Objectives: Suspended indium dust in an indium-recycling plant was quantified, in order to improve the work environment and to reduce workers’ exposure to the dust. Methods: Assessment of indium dust in the workplace air by multipoint area sampling and personal breathing zone sampling was conducted twice in 2004 and 2008. Results: In 2004, all recycling processes except for purity analysis were classified into control class III according to the 2004 Notification. Two out of 5 workers were exposed to total dust with indium concentrations exceeding the ACGIH’s TLV-TWA of 0.1 mg In/m3. In 2008, the indium-contaminated workplace air was improved by local exhaust ventilation systems installed in some processes, resulting in control class I. According to the 2010 Technical Guideline, however, all the processes were classified into stage II or III, indicating that the first assessment value or Measurement B-based concentrations exceeded the acceptable exposure concentration limit of 0.0003 mg In/m3 of respirabe dust. Exposure of almost all the workers to indium dust was below the TLV-TWA. Conclusions: The first field survey showed that almost all workplaces were classified into control class III, and that some workers were exposed to dust with indium concentrations exceeding the TLV-TWA. It was found in the second survey that workplace air contamination was improved by the local exhaust ventilation system, but was not reduced sufficiently to a level that meets the new Guideline.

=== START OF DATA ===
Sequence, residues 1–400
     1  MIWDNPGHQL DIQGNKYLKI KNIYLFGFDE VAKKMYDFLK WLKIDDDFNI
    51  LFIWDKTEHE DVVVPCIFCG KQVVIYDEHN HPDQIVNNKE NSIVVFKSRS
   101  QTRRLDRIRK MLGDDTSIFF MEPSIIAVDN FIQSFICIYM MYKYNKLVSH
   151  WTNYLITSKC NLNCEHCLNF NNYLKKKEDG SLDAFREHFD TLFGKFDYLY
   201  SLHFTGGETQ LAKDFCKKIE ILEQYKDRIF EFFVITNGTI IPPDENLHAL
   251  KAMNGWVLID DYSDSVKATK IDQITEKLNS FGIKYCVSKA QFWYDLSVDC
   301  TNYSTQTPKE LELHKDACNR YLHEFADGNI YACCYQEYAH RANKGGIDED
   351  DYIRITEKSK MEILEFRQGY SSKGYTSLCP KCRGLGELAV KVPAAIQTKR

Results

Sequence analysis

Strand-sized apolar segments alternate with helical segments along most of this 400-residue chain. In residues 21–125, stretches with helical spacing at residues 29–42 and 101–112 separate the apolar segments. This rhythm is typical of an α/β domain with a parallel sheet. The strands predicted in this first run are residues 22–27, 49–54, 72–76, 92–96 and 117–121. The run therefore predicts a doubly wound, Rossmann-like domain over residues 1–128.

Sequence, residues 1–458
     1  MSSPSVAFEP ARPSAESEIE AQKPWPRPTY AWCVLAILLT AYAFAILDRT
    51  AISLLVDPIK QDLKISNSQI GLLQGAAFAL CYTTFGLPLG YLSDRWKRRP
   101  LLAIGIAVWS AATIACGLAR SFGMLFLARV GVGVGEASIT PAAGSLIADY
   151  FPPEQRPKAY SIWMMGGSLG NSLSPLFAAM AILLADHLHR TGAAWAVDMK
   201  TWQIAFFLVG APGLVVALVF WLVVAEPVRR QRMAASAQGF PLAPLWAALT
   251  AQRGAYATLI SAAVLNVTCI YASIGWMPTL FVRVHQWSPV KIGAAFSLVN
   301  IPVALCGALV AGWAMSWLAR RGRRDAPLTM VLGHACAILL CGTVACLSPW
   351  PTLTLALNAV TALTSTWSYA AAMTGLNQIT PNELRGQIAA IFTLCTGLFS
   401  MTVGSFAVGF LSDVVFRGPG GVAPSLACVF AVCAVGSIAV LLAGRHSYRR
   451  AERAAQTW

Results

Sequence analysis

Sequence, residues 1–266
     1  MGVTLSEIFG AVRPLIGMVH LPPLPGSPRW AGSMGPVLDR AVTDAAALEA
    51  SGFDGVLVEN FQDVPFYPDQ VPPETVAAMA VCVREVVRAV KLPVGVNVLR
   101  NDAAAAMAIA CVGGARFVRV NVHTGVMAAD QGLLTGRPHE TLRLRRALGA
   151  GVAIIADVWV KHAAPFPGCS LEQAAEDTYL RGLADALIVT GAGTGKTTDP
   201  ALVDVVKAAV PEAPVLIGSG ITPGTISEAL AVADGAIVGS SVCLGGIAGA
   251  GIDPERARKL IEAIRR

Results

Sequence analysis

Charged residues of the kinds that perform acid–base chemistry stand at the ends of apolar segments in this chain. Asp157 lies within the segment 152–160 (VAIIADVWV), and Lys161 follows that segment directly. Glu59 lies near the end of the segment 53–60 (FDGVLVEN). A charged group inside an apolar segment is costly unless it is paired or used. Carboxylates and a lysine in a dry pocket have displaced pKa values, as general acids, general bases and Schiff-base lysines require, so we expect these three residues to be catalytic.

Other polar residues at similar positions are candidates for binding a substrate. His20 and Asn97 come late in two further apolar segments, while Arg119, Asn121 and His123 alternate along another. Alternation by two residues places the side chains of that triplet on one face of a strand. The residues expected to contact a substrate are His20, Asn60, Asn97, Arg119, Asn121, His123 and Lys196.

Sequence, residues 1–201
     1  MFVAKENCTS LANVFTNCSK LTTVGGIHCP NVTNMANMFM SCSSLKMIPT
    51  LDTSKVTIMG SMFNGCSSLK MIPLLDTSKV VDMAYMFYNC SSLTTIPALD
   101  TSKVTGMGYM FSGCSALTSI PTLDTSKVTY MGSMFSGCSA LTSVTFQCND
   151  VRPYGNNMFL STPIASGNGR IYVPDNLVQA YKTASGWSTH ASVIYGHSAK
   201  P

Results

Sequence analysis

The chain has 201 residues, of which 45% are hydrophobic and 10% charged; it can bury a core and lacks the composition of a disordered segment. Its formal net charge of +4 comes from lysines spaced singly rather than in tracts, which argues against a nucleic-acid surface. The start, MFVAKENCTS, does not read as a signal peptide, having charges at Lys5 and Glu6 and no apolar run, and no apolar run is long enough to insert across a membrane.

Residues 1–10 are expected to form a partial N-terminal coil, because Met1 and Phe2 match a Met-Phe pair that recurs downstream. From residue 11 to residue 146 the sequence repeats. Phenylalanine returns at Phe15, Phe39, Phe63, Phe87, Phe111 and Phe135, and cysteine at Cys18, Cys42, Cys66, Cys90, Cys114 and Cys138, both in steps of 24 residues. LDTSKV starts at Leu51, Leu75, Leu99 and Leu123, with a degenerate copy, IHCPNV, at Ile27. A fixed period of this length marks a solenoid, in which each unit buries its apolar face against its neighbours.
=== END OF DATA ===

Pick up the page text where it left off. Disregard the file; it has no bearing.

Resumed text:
Objectives: In recent decades, work ability index (WAI) has been a common practical tool to measure individuals’ work ability in many European, Asian and South American countries. However, there is no study concerning work ability in Iran. The aim of this study was to determine the work ability index in an Iranian petrochemical job setting and to examine its relationship with psychosocial factors. Methods: A cross-sectional study was conducted among 420 male workers in various occupations. Work ability was evaluated using the WAI questionnaire developed by FIOH; the Job content questionnaire (JCQ) was used to assess psychosocial factors. Results: The mean WAI score was 39.1 (SD=5.7) among workers in the studied petrochemical industry. Multiple linear regression analysis revealed a significant association between mean WAI score and age, job tenure, educational level, rest and sleep status and vocational education. Moreover, the results showed that skill discretion, coworker support and supervisor support were positively associated with the mean WAI score. On the other hand, it was inversely associated with job demands, job strain and job insecurity. Conclusions: This study was the first research to determine WAI in an important industry in Iran. Overall, work ability was in the “Good” category among the workers in the studied field. On the basis of the WAI guidelines, this level should be maintained and promoted to excellent level by providing supportive countermeasures. The WAI score was significantly associated with psychosocial factors. The results showed that even in heavy physical work, factors such as job insecurity, skill discretion, job strain and social support play an important role in maintaining work ability. A positive combination of “psychosocial characteristics” of the job with “individual resources” can promote work ability in such occupations.